Nissan is a very future-forward company. A significant part of their corporate vision is the betterment of both the people and the planet. Lately, they’ve been busy with both.
Nissan understands that today’s young people are the employee base of the future. Investing in youth educational programs is one of the best ways of improving everyone’s lives in the years to come. So, Nissan in collaboration with the League of United Latin American Citizens (LULAC) has contributed $180,000 to LULAC’s National Educational Service Centers (LNESC). This set of programs enables Latino students to “choose paths which lead to careers in science, technology, engineering and math (STEM)”. A part of Nissan’s financial contribution is put towards scholarships for young people with ability but not the means to study.
Nissan believes that giving back to the community keeps their company strong. For example, by supporting the top-notch students of today, Nissan will be making sure there is an available pool of scientists, engineers, and designers to help Nissan continue to manufacture innovative vehicles using cutting-edge technology.
Creating zero-emissions vehicles is a great achievement. Yet, what about the CO2 emissions generated during the manufacturing process involved in producing those vehicles? According to LEAF Chief Vehicle Engineer Hidetoshi Kadota, Nissan feels that “if too much CO2 is emitted during the vehicle’s production, we cannot call it a sustainable car”. As a result, Nissan has developed a program which uses recycled materials in the manufacture of LEAFs. At the moment, this amounts to about 25% of the steel, copper, aluminum, plastics, etc. which make up a LEAF. Nissan reassures that there is no need to worry about quality control. Chief Vehicle Engineer Kadota explains that Nissan “ensures the parts made from recycled materials are of the same quality as parts made from new materials”.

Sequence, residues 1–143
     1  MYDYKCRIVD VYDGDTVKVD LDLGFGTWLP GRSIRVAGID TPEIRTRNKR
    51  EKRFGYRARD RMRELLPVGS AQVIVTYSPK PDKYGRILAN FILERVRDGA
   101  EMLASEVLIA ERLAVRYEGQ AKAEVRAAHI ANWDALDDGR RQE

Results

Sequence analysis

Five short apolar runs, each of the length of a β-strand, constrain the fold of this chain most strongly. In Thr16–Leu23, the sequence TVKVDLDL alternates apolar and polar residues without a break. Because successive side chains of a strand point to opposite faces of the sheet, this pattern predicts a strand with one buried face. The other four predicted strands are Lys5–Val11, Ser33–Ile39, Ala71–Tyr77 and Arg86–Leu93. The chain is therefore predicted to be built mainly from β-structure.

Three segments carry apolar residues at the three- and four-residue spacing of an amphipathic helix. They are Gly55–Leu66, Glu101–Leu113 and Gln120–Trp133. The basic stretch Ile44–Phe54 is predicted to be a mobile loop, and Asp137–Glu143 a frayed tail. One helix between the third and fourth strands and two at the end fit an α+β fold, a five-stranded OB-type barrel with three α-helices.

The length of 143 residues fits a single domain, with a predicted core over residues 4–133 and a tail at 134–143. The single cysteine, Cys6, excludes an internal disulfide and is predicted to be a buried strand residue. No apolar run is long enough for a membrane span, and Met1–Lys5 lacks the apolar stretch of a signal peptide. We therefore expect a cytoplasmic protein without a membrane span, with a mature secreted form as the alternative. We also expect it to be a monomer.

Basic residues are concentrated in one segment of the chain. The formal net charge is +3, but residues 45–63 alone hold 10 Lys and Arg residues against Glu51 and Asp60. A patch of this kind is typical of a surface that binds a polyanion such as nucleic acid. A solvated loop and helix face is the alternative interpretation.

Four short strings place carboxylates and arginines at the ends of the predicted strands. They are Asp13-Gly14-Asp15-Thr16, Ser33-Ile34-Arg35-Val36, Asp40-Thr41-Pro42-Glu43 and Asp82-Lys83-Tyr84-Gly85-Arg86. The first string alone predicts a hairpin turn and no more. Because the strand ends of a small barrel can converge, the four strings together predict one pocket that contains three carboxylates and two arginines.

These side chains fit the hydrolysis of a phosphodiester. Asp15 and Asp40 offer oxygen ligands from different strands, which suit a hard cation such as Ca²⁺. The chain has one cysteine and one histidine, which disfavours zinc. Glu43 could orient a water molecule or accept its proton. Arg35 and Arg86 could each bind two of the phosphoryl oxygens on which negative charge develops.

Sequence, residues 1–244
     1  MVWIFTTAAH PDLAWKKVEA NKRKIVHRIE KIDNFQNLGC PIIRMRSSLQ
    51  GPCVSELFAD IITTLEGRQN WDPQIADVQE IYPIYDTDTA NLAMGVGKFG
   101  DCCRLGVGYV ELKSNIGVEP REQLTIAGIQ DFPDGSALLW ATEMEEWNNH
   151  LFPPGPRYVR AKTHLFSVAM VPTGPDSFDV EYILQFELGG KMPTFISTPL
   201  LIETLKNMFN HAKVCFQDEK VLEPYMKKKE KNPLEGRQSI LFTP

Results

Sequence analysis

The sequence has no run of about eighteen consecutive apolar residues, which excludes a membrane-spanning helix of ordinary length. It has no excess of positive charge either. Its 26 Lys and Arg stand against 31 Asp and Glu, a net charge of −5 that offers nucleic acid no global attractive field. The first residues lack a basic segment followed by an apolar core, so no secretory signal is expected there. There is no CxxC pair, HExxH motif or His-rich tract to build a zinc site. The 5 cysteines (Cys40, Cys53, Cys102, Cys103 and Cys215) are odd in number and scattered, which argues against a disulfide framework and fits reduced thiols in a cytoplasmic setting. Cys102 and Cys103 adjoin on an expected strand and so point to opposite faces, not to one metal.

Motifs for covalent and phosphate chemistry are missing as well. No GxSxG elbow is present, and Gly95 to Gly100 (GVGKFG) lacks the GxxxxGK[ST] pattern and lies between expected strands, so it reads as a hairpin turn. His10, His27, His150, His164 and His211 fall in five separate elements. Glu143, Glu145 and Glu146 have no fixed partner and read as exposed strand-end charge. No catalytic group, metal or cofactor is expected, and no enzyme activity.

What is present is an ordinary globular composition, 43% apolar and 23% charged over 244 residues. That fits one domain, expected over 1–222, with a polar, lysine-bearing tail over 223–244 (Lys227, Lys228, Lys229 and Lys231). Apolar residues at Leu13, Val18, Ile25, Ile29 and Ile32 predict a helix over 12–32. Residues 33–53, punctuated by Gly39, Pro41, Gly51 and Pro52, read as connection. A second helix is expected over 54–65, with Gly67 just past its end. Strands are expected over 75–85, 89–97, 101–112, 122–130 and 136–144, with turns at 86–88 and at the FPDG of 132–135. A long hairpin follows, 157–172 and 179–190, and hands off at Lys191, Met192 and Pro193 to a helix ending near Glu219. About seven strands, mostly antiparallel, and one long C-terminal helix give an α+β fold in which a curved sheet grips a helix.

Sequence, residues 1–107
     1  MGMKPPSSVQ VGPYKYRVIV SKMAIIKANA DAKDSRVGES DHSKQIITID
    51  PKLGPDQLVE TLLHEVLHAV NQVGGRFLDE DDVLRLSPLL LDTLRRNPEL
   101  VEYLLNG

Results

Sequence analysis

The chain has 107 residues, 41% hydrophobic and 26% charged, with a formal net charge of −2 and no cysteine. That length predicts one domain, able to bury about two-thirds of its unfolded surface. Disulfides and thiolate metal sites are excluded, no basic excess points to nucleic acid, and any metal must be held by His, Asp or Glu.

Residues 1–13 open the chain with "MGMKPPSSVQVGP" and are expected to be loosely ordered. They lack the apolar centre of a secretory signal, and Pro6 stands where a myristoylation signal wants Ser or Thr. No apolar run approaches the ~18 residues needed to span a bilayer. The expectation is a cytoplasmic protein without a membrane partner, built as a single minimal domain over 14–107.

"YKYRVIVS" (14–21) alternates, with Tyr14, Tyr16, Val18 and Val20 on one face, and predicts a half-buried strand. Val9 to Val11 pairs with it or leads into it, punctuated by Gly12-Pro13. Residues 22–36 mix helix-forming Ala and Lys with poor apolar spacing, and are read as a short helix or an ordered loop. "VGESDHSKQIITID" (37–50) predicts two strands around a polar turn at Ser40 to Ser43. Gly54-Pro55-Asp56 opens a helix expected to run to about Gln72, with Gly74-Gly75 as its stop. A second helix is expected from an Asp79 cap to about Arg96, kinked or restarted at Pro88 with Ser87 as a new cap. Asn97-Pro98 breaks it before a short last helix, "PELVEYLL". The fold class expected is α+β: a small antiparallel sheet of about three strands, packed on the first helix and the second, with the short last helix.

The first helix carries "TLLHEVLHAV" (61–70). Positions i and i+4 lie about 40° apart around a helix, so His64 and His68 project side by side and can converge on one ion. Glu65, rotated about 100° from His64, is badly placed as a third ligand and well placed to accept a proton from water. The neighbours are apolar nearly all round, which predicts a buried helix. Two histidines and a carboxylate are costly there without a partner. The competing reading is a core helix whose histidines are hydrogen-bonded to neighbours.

For Nissan, this is just the beginning. The company vision includes a consortium of companies, Nissan Motor Corporation included, which supports a recycling system. Nissan feels that working on a larger scale will enable such a system to be cost-effective and succeed, contributing to a “recycling society”.
*header image courtesy of Nissan News